Smuggling captured weapons for terrorist operations within the United States is problematic at best, and buying firearms and explosives commercially significantly increases the chances of discovery. In the future terrorist groups will leverage a sophisticated array of manufacturing technologies, including 3D printing to develop, build and employ unique weapons nearly anywhere on Earth.
With computerized manufacturing such as 3D printing taking off and capable of printing metal parts, high quality customized firearms and even more advanced weapons are within the terrorist’s reach. Security forces will confront a range of new and diverse printed weaponry from rudimentary homemade rockets and purpose-built explosives, to military-grade firearms, RPGs and even UAVs or missiles capable of remote or autonomous guidance. These groups may field, for example, remotely operated sniper systems or mortars using laser rangefinders, perhaps as simple as a golf ranging binoculars, and widely-available cell phone ballistics apps.
Advanced, computer-based manufacturing technologies, will allow groups to customize and mass produce new and unconventional weapons. National Defense University Fellow T.X. Hammes notes that “We’re several years past the ability to 3D print a drone in a single day; researchers are now refining prototype systems that can print 25 to 100 times faster than that. A single small facility with only 10 such printers will soon be able to produce 1,000 drones a day.”
Much as the world economy has globalized the design, manufacturing and supply chain, a future terrorist engineering and manufacturing ecosystem may evolve and communicate across the globe. The disruptive potential of these collaborative design techniques will fully emerge when adversaries apply them to the design, construction, and speedy refinement and evolution of a range of IEDs, drones, firearms, or other weapons.
Current state-of the art initiatives such as DARPA’s VehicleForge focused on adaptive ground vehicle design give us a glimpse how a weapons design ecosystem may work. Collaborative online design labs allow many engineers can work together across the world using interactive computer aided design tools.
With the addition of encrypted, peer-to-peer web spaces, terror groups will have the capacity to develop and rapidly improve custom weapons designs and associated tactics, techniques, and procedures. This terrorist ‘maker’ ecosystem may bring together weapons designers around the world and test and refine designs quickly, adapting as they go. Individuals may download an operational ‘starter-kit’ and begin manufacturing equipment on powerful and capable 3D printers.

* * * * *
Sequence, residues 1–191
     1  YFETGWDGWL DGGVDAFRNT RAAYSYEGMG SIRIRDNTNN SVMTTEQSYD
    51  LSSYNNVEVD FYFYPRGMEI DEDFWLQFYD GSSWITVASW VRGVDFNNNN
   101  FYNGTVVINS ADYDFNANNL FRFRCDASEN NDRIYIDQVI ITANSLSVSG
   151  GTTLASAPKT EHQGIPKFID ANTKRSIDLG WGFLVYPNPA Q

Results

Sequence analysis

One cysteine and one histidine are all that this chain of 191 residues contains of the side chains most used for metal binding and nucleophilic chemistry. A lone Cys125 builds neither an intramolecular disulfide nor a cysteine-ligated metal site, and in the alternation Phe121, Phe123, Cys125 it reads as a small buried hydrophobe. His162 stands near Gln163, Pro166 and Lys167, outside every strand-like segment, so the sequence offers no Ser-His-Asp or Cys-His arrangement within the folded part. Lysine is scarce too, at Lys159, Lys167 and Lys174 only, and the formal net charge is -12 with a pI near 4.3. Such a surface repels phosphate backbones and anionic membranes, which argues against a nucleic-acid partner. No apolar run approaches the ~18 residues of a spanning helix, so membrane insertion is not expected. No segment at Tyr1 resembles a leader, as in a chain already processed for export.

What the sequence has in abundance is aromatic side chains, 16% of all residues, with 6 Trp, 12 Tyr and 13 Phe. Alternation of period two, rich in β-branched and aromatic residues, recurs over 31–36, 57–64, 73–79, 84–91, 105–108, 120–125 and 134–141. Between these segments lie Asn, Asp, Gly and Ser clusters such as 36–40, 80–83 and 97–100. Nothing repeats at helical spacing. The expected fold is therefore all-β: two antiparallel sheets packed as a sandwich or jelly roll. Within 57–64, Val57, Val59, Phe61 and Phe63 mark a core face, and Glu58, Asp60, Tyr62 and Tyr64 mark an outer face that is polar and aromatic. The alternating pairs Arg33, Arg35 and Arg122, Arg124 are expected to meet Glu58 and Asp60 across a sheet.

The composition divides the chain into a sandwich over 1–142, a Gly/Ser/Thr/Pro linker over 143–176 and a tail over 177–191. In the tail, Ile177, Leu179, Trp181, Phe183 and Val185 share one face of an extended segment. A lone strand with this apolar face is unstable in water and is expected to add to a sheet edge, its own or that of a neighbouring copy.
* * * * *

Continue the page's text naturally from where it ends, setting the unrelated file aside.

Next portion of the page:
In the future, the U.S. must contend with terrorist networks able to build and maintain secure urban robotics foundries in many cities across the globe. These foundries can be linked to planners and engineers globally while locally producing and deploying many small, lethal autonomous vehicles to conduct a range of lethal operations on land, in the air, and at sea.
The Robotic Terrorist
The importance of advances in commercial robotics to future terrorist operations should not be underestimated. One of the most difficult challenges for current terrorist operations is to recruit and train individuals committed enough to kill themselves for their malevolent ideology. A range of future robotics capabilities will significantly decrease the physical danger for individual terrorists, allowing a larger cohort of radicalized individuals to take part in operations with a lower degree of personal risk.
Terrorist groups taking advantage of distributed manufacturing and secure 3D printing may eventually be able to effectively take the terrorist “out of the loop,” using robotic systems to amplify the destructive potential of small groups and individuals. A future robotic terrorist force may include home built optical, acoustic, EM, or pressure sensors and relatively cheap yet simple robot weapons. Examples could include 3D-printed, GPS-equipped mini-drones that use automobile radar avoidance systems, electro-optical (EO) sensors, video streaming, and pattern and facial recognition software to create “intelligent” yet easily built, precise killing machines.
As terrorists innovate further, simple cameras, drones, and off the shelf facial recognition technology may allow for precision attacks on individuals and to deliver “smart” IEDs and sensors across the world. Moreover, the emerging ‘internet of things,’ means that terrorists may access the billions of sensors, cameras, and devices that will connect to the future internet, enabling access to near-real time ground level imagery, surveillance, and pattern recognition and geospatial data for free.